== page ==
Mount Huaguo

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Mount Huaguo (Chinese: ; pinyin: Huāguǒ Shān; Wade–Giles: Hua1kuo3 Shan1, Vietnamese: Hoa Quả Sơn, Japanese: 花果山 (Kaka-zan?)), literally meaning Mount of Flowers and Fruit, is a major area featured in the novel Journey to the West.

This mountain, located in the country of Ao-lai (傲來) in the Eastern Continent of Superior Deity (simplified Chinese: ; traditional Chinese: ; pinyin: Dōng Shèngshenzhōu; Wade–Giles: Tung1Sheng4shen1Chou1) also known as "Pūrvavideha Continent" in Anthony C. Yu's translation, is known as the birthplace of Sun Wukong, the main character within the novel. The mountain counts many demons and monkeys in its population. Within this rather large mountain, many various areas remain hidden; one of such being the Water Curtain Cave. After the brave Sun Wukong rushed through a large waterfall and made it to this cave, every individual in the mountain acknowledged Wukong as their king.

After Wukong becomes the mountain's king, this mountain became exceedingly civilized and well trained for various future conflicts such as war. Such a trait is easily seen when Wukong left this mountain for reasons such as protecting the Tang priest Xuanzang. Due to the natural and civilized ways of this mountain set by Wukong, this mountain would effectively continue to thrive even after 500 years of conflict.


Huaguo Mountain is located in Yuntai, seven kilometers southeast of Lianyungang City.[1] It lies 625 meters above sea level and covers an area of 84.3 square kilometers, with 136 peaks. The area is a popular tourist attraction as a result of its appearance in the well-known Chinese novel Journey to the West.[2]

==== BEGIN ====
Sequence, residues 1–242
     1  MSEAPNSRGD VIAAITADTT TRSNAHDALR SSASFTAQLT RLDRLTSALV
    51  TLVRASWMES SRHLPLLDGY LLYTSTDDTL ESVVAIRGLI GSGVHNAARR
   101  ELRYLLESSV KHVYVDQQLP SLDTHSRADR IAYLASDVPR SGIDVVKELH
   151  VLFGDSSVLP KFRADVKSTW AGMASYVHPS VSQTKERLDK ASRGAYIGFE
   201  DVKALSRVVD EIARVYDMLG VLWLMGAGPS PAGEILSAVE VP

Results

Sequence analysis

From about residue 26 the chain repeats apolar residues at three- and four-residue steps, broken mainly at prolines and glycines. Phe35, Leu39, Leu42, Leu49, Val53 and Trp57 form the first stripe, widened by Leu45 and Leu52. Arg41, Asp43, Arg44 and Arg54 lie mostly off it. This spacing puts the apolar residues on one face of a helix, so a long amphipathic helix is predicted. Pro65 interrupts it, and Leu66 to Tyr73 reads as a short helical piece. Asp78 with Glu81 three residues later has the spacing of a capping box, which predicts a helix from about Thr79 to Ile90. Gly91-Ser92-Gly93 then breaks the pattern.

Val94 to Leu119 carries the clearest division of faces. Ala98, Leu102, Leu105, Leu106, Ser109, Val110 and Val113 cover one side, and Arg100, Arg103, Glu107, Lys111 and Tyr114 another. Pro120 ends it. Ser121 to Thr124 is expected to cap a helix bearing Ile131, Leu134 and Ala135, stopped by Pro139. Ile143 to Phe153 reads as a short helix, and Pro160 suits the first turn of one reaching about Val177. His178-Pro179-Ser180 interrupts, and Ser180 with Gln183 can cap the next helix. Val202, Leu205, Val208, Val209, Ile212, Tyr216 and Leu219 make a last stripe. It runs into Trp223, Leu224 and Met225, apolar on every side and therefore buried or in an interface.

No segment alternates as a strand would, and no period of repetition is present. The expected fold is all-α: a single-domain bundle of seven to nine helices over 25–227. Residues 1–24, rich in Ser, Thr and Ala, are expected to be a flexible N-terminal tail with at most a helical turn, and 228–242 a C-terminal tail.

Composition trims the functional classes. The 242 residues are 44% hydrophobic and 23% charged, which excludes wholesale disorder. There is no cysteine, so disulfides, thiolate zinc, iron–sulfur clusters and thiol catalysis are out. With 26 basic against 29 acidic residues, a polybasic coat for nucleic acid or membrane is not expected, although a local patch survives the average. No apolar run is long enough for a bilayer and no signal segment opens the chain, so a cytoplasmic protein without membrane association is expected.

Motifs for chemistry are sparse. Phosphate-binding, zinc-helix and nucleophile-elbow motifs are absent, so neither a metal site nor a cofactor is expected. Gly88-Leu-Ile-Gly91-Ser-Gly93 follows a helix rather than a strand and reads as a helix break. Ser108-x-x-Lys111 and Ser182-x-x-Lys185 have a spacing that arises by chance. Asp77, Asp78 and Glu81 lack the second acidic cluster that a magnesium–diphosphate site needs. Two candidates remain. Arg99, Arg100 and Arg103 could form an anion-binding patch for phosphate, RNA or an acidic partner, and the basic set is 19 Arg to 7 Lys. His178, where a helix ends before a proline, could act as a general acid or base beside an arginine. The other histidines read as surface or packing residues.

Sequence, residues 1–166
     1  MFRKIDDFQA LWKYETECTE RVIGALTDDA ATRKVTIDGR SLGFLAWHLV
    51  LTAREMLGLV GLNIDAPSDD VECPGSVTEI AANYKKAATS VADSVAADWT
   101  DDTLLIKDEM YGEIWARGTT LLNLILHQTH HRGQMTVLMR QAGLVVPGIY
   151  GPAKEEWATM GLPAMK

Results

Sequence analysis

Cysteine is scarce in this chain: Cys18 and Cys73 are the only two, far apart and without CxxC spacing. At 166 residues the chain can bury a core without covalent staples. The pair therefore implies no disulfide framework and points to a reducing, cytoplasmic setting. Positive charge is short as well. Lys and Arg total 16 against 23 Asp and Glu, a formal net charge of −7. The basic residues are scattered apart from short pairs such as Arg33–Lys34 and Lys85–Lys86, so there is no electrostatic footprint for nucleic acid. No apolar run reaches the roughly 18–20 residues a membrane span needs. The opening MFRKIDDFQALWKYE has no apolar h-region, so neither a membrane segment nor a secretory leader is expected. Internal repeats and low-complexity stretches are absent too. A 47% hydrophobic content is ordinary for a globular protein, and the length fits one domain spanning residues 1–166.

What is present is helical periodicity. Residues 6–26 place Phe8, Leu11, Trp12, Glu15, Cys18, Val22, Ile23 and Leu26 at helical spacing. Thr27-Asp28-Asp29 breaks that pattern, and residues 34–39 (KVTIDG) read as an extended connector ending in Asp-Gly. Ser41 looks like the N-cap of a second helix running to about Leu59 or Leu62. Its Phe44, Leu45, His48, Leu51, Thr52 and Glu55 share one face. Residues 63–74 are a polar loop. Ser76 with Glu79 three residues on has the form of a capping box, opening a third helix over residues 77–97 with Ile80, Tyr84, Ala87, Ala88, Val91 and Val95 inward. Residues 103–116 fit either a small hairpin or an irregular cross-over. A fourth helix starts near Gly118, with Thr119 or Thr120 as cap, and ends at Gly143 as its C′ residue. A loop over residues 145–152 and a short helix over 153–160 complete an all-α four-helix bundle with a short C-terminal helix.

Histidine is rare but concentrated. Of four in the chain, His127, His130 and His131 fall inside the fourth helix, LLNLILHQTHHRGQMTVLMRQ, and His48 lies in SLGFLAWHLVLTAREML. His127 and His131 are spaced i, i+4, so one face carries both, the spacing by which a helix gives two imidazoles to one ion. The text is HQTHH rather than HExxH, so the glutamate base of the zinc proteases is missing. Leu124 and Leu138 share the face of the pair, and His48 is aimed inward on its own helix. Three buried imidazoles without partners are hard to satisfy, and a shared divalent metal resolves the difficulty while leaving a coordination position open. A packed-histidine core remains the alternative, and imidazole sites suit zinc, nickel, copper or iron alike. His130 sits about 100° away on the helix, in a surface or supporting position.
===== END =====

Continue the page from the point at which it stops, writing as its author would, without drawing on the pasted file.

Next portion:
Huaguo Mountain has many statues, they were built based on the heroes in “Journey to the West”.For example, Sun Wukong, known as one of the most powerful character in that novel, and there is a sculpture of his head. They also put round ring patterns on the back drop, which represents him come to a successful issue. Since the novel “Journey to the West” is very influential and popular in China, they scalped four main heroes after the entrance. It is a really popular tourism places, it gets thousands tourists every years. You can see 109 stone monkeys are welcoming as walking into the entrance, and there are also six stone lions guarding the place. As it mentioned, Huaguo Mountain got more famous because of the novel “Journey to the West”. The author used this place as a backdrop. In the novel, this was place where Monkey King was born. Monkey King was also known as Sun Wukong.Therefore, there are many attractions in the mountain are related to monkeys.For example, there is Monkey Stone, Water Curtain Cave, Sanyuan Palace, Yuvu Peak and the South Gate of Heave etc. There are over 100 scenic spots in Huaguo Mountain.  [2]

Monkey Stone[edit]

People name it “Monkey Stone” was because from distance it looks like a monkey. Because of the history of this sight, people like to relate the stone with Monkey King.Since Money King is the King in the story and it protects its home, therefore,this stone monkey is also seems like protecting this place.[3]

Water Curtain Cave[edit]

It is natural waterfall over a cave. The cave formed by ground fissure. What makes it unique is that in front of the cave, there are many ancient carvings,  and the letters were wrote by emperors from different dynasty, such as “印心石屋" which is written by Emperor Daoguang (from Qing dynasty). There are tunnels inside which can lead you to a platform inside the cave. There is a spring inside called Lingquan Spring.  It is not big but always full ofwater, even when there is draught. There is also a story behind it; they said the spring can lead you to the Dragon King’s Palace.[2]

San Yuan Palace[edit]

San Yuan Palace is the biggest and one of the most ancient building in Huaguo Mountain. It was initially built during the Tang Dynasty. It contains three Statues inside, which represent three Gods. They are the Gods of Heaven, Earth, and Water.[2]

See also[edit]


  1. ^ "花果山风景区" (in Chinese). 花果山风景区. Retrieved 15 August 2013. 
  2. ^ a b c d "Huaguoshan Mountain". 2009. Retrieved 15 August 2013. 
  3. ^ "Mount Huaguo". Cultural China. Retrieved 15 August 2013.